There’s a great ad out right now for an online insurance company. The tagline is “Technology when you want it, people when you don’t.” I like this tagline, because it captures the conundrum most folks face when they need customer service: people or technology? This company’s answer is: both.
And, really, “both” should be the answer for all businesses. Technology should enable people to provide excellent customer service, regardless of company size or industry. But all too often technology replaces people or is implemented in a way that creates more work for customers.
This marriage of technology and people is especially important for small businesses, which often face customer service challenges that larger companies don’t. Following are three ways tech can help your customer service efforts.
1. The right info at the right time. Customer relationship management (CRM) systems help people deliver superior customer service by providing relevant customer information in real time. They give customer service representatives the information they need to diagnose and solve problems.
“Anytime you can make your customer feel that you know about their issues and are in tune with what’s going on, it makes them know that their business is valued,” says Nancy Sattler, Principal Owner, Sattler Insurance Agency.
Sattler provides a variety of commercial and personal insurance products. Located in Lewiston, Idaho, the agency specializes in property and liability coverage for recreational outfitters and provides coverage in 38 states.
Sattler has seen great improvement in the efficiency of its customer service, and the CRM system also provides a means to capture new customer information for future sales. “For example, during a phone conversation we might discuss discounts for packaging some of a client’s policies together,” says Sattler.
2. 24/7 availability. In this slow economy many small businesses have cut back on staff, which can result in missed phone calls from prospects, increased time to return calls, and frustrated customers.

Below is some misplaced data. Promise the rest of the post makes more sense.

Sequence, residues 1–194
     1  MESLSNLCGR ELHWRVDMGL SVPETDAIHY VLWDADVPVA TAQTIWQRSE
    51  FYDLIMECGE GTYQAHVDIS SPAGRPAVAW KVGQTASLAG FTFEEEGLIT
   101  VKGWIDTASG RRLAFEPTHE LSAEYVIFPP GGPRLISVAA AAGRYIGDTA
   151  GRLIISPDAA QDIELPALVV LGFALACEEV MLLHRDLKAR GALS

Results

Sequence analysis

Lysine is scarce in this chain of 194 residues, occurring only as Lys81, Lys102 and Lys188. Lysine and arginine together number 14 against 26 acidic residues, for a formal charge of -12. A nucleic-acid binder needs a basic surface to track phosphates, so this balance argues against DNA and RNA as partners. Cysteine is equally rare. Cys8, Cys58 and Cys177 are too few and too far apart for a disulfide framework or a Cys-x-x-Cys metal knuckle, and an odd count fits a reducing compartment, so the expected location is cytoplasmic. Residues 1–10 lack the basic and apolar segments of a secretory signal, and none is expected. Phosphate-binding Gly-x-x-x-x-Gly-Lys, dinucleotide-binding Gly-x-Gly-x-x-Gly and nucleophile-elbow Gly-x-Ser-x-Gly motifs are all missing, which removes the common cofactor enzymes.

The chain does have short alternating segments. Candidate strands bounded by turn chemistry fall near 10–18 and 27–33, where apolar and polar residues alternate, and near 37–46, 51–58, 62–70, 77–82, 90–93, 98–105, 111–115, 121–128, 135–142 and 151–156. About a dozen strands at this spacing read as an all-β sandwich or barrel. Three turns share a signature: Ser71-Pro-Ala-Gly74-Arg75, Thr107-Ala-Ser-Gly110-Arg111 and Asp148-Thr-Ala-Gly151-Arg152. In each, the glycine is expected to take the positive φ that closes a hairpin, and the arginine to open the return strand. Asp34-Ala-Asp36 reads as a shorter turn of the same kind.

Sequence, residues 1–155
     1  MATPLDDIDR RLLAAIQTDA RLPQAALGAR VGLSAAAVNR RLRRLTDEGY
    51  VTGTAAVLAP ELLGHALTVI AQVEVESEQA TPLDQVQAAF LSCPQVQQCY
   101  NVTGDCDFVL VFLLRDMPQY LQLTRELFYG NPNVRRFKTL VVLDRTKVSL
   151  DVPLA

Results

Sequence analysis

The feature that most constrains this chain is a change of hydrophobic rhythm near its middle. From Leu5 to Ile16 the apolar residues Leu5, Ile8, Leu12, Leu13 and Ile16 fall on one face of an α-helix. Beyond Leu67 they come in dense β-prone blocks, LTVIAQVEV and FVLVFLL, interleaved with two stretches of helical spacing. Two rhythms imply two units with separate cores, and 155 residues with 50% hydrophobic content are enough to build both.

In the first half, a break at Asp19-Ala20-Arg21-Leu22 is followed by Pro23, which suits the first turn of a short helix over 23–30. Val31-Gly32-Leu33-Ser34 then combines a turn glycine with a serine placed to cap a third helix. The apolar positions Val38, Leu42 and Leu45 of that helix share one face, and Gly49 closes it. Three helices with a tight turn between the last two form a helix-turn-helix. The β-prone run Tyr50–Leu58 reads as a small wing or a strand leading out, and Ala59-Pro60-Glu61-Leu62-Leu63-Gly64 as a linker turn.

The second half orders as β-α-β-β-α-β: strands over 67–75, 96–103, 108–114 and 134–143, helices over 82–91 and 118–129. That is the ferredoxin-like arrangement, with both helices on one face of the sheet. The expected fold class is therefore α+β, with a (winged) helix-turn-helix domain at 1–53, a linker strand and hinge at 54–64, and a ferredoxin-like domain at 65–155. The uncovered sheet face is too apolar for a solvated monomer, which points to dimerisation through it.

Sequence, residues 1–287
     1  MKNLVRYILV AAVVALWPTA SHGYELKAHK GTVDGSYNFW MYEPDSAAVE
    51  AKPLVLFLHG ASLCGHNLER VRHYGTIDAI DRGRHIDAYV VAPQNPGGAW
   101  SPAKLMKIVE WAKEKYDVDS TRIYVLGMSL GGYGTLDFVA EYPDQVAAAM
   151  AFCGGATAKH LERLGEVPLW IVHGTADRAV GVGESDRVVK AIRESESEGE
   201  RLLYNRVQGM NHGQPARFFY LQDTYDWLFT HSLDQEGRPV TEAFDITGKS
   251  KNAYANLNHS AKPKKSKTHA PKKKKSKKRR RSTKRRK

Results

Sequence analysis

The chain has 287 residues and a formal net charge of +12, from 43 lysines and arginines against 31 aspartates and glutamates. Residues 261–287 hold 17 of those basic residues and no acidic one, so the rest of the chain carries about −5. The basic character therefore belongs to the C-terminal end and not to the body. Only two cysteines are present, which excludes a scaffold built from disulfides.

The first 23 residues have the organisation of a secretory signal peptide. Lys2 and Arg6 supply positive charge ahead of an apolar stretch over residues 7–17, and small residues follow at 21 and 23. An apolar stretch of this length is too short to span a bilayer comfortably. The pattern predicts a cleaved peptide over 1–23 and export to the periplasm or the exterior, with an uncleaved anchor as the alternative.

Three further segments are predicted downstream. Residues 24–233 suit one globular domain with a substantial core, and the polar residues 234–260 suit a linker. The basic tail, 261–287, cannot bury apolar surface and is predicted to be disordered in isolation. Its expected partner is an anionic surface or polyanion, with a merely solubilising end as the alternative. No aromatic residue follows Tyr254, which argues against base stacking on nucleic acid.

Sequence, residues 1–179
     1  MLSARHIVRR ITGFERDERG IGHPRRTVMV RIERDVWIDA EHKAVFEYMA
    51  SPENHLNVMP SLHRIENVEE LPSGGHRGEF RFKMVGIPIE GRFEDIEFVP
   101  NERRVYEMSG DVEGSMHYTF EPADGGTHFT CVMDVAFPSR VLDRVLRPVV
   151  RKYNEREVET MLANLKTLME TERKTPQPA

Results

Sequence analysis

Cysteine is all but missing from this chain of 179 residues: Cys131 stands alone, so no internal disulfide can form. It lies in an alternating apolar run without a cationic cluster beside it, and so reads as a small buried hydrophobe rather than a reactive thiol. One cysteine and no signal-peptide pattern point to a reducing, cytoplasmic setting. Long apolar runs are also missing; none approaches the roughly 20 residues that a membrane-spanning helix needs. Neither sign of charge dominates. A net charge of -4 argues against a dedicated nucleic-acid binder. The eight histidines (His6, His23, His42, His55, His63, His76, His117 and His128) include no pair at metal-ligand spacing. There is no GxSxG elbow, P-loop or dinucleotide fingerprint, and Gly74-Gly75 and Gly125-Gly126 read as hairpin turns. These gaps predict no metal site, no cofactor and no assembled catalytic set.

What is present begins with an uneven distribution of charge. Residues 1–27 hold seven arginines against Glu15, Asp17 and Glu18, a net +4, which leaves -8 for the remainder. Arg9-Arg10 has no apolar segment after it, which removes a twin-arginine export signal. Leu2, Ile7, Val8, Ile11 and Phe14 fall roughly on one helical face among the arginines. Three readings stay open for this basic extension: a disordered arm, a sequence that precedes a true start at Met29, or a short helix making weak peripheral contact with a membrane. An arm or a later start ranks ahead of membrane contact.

Andy Murphy, of Dunster House, a leading DIY log cabin retailer in the U.K., knows this all too well. “With our old phone system, our receptionists couldn’t tell if someone was engaged and customers would get bounced back time and time again which was frustrating for both parties.”
Unified communications, however, can help fix these problems. Features like call grouping and hot desking ensure that customers reach a company representative no matter where they are–in the office, at home, or on the road.
3. Face-to-face communications. Video Conferencing may not be first on a small business’ wish list, but this technology can not only improve internal communications, it can greatly enhance customer service as well.
By using video conferencing, you can provide support to customers more quickly and improve your success rate in resolving customer issues. Some video conferencing solutions, such as Cisco WebEx, let you remotely control customers’ desktops, reducing the frustrating back and forth of walking through a solution verbally over the phone. This not only takes up less of your customer’s time but also makes your employees more productive and allows them to help even more customers.
The combination of people plus the right technology can help your small business deliver excellent customer service. Do you think your business is too small for these suggestions? Take a look at how Larry’s Foreign and Domestic Auto Repair in San Jose CA (5 employees) is using a CRM application integrated with their phones to improve service.
Have any stories of how technology has helped improve your customer service? Send them over!